Another cool thing that happened is that I was asked by the Johnson & Johnson Nursing Notes Live podcast to give an interview about School Nursing. I’m a huge fan of podcasts, and I listen to several on a regular basis (Gallifrey Public Radio and StarTalk are my current favorites), but being the subject of the interview was a first for me. It was great to be able to share what School Nurses do, and how we help impact the health and wellness of our students. I really enjoyed the experience.
If all that wasn’t enough, I started the fall semester in my graduate program at SBMI. Three semesters down, four to go! I’m really excited to be taking a class about data visualization, and will be learning how to use Tableau. Apparently pie charts are really bad, and shouldn’t be used. Who knew?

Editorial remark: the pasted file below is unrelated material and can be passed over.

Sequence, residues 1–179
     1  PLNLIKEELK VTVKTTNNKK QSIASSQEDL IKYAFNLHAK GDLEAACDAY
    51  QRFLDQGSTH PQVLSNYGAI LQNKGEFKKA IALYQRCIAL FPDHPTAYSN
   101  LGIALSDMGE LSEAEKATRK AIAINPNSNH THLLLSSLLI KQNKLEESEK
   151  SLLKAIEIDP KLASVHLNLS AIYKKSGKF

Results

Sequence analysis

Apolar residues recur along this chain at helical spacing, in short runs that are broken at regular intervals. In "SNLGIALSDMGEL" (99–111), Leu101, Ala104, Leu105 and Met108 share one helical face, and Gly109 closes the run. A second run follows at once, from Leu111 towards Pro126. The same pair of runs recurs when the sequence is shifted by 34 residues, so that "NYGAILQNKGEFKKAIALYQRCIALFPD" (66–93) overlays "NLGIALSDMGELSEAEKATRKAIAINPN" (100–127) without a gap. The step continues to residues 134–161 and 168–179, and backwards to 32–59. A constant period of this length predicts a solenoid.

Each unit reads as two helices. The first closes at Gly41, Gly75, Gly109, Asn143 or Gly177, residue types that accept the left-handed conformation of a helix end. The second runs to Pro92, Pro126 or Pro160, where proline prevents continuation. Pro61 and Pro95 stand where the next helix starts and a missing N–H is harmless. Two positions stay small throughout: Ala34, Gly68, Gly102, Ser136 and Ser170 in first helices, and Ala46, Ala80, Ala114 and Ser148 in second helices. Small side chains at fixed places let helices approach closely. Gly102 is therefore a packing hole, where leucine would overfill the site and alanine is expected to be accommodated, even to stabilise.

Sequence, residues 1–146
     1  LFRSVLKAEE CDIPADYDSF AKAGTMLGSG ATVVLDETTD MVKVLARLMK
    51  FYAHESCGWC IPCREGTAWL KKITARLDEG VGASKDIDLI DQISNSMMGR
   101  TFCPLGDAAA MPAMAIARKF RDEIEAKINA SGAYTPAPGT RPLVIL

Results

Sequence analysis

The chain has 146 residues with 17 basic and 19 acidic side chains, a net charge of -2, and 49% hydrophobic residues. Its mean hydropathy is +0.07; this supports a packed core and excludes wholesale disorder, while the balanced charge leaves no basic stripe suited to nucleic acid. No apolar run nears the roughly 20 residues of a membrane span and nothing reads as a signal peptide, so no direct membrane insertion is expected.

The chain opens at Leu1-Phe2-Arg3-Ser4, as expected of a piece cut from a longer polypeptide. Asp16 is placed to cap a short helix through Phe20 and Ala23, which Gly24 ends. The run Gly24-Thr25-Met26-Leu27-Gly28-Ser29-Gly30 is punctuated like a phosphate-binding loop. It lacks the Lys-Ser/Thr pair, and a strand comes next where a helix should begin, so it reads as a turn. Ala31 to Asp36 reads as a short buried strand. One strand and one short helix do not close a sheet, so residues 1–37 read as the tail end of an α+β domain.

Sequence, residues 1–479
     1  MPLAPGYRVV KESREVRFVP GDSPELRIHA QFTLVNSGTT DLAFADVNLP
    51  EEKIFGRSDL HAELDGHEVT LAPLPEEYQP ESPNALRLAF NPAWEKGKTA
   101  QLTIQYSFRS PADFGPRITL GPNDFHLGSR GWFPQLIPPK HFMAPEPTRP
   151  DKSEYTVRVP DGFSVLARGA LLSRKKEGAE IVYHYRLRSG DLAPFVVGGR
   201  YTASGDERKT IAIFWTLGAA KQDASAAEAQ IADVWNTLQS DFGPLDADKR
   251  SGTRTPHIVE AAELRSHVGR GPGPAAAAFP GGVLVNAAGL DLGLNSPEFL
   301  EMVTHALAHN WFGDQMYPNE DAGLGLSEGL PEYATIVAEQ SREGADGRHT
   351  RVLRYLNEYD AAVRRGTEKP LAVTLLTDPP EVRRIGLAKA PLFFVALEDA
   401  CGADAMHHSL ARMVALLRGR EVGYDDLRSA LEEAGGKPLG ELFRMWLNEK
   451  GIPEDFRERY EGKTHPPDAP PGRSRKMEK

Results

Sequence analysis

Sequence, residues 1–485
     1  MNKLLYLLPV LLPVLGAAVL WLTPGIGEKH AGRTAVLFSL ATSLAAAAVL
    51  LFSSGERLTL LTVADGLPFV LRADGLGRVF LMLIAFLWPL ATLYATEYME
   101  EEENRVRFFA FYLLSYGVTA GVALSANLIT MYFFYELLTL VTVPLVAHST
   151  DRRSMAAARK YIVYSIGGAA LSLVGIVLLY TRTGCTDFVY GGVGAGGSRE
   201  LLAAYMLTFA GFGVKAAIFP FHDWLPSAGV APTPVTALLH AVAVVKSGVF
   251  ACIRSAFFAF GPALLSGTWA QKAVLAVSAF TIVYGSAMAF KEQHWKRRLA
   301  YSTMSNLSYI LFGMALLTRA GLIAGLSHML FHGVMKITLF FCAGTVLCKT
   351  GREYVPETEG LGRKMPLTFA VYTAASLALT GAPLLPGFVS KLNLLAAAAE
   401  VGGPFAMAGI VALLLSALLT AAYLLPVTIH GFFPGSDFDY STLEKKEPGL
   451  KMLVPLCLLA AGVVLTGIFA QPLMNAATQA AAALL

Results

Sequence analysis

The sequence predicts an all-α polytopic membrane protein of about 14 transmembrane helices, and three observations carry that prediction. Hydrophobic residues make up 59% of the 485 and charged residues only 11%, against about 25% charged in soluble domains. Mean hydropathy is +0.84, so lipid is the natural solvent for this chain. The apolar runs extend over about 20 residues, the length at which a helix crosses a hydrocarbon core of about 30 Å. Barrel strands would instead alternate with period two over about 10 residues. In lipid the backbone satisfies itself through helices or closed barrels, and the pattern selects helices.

Clip art courtesy of school.discoveryeducation.com/
Ever wonder just how many students a School Nurse might see in a year? Or how many medications she might give? How about the percentage of students who return to class?
At my elementary school campus, at the beginning of each year I prepare a report for the staff that covers some stats from the past school year. Check it out here. I give a more in-depth report to my Administrators periodically during the school year as well, but this will give you an idea of what type of data School Nurses collect in their day to day work. Having an electronic health record system for all of our students really helps in that process as well.
School Nurses out there, how do you share your data with your campuses? I’d love to hear how you get the info out there, and if you use electronic health records.